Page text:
O’Dell pulled into the drive of Blackmoor and parked the car. He looked up at the monstrosity before getting out of the car.

5 comments:

Janice Sperry said...

Your query talks about Jimmy but your first page is the sheriff. Is he Jimmy? I'm a little confused. In queries, I'd avoid terms like the last thing he expects. Of course it's the last thing he expects. If he expected it, the story would be boring. Your query could use a little tightening, but it's good otherwise. Your plot is solid and you do a great job showing the stakes and the mc's goal.

It's your first pages that left me confused. I think you could find a better place to start. The whole sheriff's office and a lady named Mabel feels cliche to me. I wanted to meet Jimmy. He sounds like an interesting character.

Tory Michaels said...

I have to agree with the first person's comment about being a little confused with the disconnect. My first thought (and it may be entirely wrong) is either the excerpt is being used to show how the house got the reputation for being haunted, or the entire book takes place in 1950.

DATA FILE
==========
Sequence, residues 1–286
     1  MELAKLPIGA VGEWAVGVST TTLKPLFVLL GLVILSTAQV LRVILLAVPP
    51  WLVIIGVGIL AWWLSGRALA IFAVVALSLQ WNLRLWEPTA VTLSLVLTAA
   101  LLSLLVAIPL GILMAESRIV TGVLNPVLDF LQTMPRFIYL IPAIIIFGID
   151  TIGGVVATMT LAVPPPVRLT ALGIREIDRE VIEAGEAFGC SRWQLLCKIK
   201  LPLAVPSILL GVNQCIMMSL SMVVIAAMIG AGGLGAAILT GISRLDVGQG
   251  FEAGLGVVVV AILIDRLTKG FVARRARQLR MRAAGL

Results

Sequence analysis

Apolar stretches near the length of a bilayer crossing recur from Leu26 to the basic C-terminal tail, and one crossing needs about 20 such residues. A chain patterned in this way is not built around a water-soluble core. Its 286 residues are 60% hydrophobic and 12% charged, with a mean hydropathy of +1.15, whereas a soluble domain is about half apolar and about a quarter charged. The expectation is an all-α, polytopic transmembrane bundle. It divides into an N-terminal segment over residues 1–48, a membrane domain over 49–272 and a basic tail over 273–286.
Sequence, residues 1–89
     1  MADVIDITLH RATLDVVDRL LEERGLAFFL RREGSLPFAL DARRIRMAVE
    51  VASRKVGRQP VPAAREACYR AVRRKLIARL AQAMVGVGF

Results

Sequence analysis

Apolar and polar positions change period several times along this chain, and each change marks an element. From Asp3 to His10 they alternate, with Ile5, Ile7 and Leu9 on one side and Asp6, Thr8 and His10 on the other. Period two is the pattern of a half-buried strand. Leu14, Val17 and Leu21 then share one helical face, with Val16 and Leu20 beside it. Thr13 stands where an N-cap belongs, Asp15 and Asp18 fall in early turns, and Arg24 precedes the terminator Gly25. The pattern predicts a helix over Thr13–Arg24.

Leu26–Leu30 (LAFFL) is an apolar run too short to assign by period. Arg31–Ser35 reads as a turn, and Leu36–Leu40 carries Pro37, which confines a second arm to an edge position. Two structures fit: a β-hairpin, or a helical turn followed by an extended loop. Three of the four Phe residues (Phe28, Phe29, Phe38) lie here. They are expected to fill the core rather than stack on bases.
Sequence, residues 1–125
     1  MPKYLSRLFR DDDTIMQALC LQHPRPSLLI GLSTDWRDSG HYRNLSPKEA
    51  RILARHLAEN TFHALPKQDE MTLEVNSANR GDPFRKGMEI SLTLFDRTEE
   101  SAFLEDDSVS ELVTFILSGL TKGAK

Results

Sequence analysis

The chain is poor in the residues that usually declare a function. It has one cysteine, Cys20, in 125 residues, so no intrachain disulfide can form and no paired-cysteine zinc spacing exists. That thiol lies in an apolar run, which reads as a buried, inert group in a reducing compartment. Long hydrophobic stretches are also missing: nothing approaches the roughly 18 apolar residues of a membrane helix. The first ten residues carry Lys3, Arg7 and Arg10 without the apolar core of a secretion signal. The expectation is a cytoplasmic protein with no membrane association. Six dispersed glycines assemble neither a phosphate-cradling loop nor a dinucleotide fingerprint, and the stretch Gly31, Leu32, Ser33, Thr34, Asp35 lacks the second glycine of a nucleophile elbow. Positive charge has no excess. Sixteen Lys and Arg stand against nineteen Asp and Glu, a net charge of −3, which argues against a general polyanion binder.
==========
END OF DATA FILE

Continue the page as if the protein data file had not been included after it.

If the latter impression is correct, the reference to Flowers in the Attic (which made me smile, btw) is probably a bit anachronistic.

I like the voice that comes through in your query and would probably read a few more pages to see if this is a prologue or how you connect the story to the query.

Elaine said...

What a great idea for a book. Here are my suggestions:
I think a couple of your name choices-Mable and Jimmy Holiday-almost seem stereotypical. Flowers in the Attic didn't work as a reference for me. Maybe I'm not familiar with the terminology, but "Until a witch he knows is unable to ward" and "get back into harness" didn't make sense to me. If you're going to use the word "damn" in the query, you might as well spell it out in the first page rather than using the asterisks. I think Mable would feel "self conscious" rather than "subconscious" about her looks. Maybe too much hair description for a first page? I agree with the other commenters that it might be nice to start with Jimmy and come back to this.
Overall, I thought this was a very cool premise and would like to meet your MC. Best of luck!

Krista V. said...